Sudden, Startling Joy

It has been a hot minute since I shared anything in this space. Admittedly, I expected the silence in this corner of the internet - caring for a newborn and becoming a mother myself have been full-time jobs that leave very little space for blogging. I started writing this post with the intention of updating all you readers (all 4 of you ;)) but so much in my life has changed in the past few months that to try to sum it all up in one piece of writing would be absurd. 

There is one piece of this story that has been sticking to my side like a bur, a piece that now feels almost too vulnerable to share. I was not excited to become a mother; in fact, I was dreading it with nearly everything in me. The nine months leading up to Abbie’s birth were some very difficult months for me. When I saw two blue lines on a pregnancy test, I honestly wept. Not tears of joy or celebration, but sad, mournful tears. The prayer I prayed most often over my pregnancy was that the Lord would somehow create in me the desire for the baby growing inside my belly because I felt so numb and afraid. 

I was never the girl who dreamed about being a mom. Before Abigail, I had approximately zero experience with babies and children. I had no idea how to change a diaper, soothe a crying baby, or do any of the things mothers do. I’m not sure there was ever a moment during my pregnancy when I felt joy about becoming a mother. And yet, as cliche as it sounds, the moment she was born was one of the most holy, sacred, and JOY-filled moments of my life. It was as if in a crashing wave the Lord answered “YES” to every prayer I had prayed throughout my pregnancy about creating desire in my heart. 

There have been many times throughout the past four months I’ve wondered shouldn’t this be harder? Shouldn’t I be more tired, more sad, more overwhelmed? Shouldn’t I be mournful for the parts of me that have changed and morphed and been lost? I expected motherhood to press against me on all sides like life has pressed against me for the past two years, and yet it hasn’t. I expected the weight of caring for another person to feel heavy and awkward and smothering, and yet it feels light and not burdensome at all. 

I expected a version of motherhood that is nothing like what I am experiencing. I expected that motherhood would be difficult, joyless, wrought with the little, painful deaths of my own desires. But instead of crushing, burdensome weight, my daughter has been, in the words of Madeleine L’Engle, a “sudden, startling joy.” 

I don’t know if there’s any deep spiritual lesson to glean from this, and I honestly don’t know if that’s even my job to try to find one and pin it down like a moth on a piece of glass. What I do know is that the rhythm of naps and nursing and diaper changes has become familiar and comfortable to me. I know that I desperately want to slow down time to soak in these moments filled with the most happiness I’ve felt in a long time. I know that the Lord is in these moments, and I’d like to think he gets excited seeing me experience all these blessings he is showering on me in the same way I get excited when Abbie looks up at me with her big blue eyes and smiles. Sudden, startling joy.


What I Learned: Spring 2019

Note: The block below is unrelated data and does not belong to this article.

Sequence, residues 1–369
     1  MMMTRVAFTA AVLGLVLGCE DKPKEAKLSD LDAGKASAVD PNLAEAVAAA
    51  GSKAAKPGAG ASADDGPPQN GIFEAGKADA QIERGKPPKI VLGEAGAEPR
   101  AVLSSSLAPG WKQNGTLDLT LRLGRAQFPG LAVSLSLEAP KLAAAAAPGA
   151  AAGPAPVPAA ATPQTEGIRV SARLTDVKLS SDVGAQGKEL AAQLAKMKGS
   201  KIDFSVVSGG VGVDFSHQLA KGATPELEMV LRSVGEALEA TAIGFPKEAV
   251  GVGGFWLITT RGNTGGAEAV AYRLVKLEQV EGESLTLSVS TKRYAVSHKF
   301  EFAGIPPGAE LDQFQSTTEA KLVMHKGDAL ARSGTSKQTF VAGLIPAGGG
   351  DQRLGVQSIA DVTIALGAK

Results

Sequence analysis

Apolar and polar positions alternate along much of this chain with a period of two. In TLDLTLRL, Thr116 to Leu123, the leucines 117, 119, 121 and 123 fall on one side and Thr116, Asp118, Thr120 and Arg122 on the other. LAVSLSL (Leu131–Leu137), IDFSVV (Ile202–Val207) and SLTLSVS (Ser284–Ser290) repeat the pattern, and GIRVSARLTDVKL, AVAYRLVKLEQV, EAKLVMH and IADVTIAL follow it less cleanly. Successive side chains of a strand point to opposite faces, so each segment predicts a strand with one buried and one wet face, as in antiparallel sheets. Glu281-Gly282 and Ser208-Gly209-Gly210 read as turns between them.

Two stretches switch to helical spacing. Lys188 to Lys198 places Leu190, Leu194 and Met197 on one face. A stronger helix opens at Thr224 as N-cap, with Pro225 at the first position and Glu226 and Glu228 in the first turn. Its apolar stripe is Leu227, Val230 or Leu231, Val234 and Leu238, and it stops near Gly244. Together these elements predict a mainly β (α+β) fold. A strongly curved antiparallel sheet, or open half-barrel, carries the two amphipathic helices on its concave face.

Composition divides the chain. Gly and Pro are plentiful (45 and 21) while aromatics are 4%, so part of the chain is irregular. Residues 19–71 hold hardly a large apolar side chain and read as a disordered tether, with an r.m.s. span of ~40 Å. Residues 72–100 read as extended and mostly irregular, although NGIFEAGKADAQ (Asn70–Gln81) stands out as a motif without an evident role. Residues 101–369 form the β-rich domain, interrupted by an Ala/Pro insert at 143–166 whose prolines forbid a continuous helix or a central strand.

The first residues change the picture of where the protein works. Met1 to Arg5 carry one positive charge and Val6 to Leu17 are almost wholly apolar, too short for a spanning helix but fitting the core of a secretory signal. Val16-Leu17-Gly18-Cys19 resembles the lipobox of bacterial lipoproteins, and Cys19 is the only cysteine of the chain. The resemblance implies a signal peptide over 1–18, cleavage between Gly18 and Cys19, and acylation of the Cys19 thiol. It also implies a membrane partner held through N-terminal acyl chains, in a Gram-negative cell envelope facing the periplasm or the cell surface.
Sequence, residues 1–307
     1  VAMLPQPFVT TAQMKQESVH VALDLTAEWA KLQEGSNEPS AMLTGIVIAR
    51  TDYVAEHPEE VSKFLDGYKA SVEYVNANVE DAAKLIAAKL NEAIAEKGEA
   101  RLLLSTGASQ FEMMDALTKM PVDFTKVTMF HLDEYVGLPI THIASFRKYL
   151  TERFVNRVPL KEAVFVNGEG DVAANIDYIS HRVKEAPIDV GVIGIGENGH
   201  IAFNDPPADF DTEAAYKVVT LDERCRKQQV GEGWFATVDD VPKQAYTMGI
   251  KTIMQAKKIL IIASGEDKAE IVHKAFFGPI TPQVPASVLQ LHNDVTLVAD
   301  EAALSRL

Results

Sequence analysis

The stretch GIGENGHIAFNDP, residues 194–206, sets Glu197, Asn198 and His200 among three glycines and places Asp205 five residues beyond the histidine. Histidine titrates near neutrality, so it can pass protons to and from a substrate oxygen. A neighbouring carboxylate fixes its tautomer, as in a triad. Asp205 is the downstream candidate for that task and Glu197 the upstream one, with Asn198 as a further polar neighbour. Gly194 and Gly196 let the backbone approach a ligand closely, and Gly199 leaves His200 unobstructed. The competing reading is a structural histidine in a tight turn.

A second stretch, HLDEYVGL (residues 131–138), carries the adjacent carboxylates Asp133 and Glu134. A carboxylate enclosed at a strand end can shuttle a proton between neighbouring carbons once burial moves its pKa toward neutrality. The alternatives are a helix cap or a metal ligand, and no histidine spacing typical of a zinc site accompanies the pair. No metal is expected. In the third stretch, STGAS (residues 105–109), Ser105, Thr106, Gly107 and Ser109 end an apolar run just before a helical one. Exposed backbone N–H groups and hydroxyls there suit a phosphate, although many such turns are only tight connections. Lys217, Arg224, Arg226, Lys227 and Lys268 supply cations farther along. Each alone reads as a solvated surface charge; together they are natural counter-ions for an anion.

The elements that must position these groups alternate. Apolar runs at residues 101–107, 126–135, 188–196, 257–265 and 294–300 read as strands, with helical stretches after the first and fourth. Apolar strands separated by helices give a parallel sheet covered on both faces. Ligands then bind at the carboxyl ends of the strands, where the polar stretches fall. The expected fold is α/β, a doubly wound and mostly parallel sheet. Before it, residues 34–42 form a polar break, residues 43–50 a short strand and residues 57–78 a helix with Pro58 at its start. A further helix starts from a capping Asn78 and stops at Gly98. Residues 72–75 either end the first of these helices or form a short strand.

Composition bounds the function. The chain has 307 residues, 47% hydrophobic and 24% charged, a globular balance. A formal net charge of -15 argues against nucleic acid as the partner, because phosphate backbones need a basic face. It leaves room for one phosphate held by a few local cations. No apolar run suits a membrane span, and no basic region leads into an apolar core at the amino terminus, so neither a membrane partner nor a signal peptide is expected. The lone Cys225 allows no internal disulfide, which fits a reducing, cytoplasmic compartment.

March - May 2019

1. Labor is really hard and only a little bit like what I expected

When I was pregnant, I spent so much time wondering what labor would be like. I had an idea in my head of what I wanted it to be like, but I also knew it was important to remain flexible. What I didn’t realize was just how flexible I would need to be - nearly everything I thought about how it would go went right out the window. The most surprising thing is just how quickly and how much I loved her as soon as I met her. I had no idea that was possible.

2. “Sleeping through the night” means your baby stays asleep the whole night, not even waking up for feedings.

For weeks when people would ask this question I would answer enthusiastically that “Yes! Abbie is sleeping through the night! She’s amazing!” (because she is). I even told her pediatrician at her 2 month appointment that she was sleeping for 8-10 hours straight. Then I learned that my understanding of “sleeping through the night” was different than everyone else’s because if Abbie went right back to sleep after nursing, I was counting it as a win. So to all the people I accidentally lied to, my two month old is not yet sleeping through the night. (Side note though: why do we even ask this question?! My daughter is still young enough to count her age in weeks - of course she wakes up hungry at night and wants to nurse. The expectation that a baby would sleep through the night is wacko to me and creates an unnecessary expectation for parents. Thank you for coming to my Ted talk.)

3. May is the December of summer.

I don’t remember where I first heard this but it is so true. Between graduations, weddings, and general merriment, May is so full and fun. But I’ll admit I’m ready for the slowness of summer after this busy month!

4. Quiet time with Jesus can look different and still be beneficial and sweet

For all of my adult life, my quiet time has looked essentially the same: reading passages of scripture in the morning, taking notes in a journal, and sipping hot tea from a favorite mug. This spring I learned that my quiet time doesn’t have to look like that to still be beneficial and sweet to me. With a newborn, time with the Lord only sometimes happens in the morning and rarely includes writing in a journal or sipping tea. Instead, I’m most often reading scripture on my phone with one hand while Abbie nurses, reading slowly and sometimes out loud to her, or listening to the Dwell app in the car while we drive somewhere. It’s different, and it is still good.

5. In a two-term presidency, all of the cabinet members submit their resignations as a courtesy to the President

I actually learned this from an episode of West Wing! When a president is reelected, all of the cabinet members will resign without being asked, giving the President the option to rehire or replace them.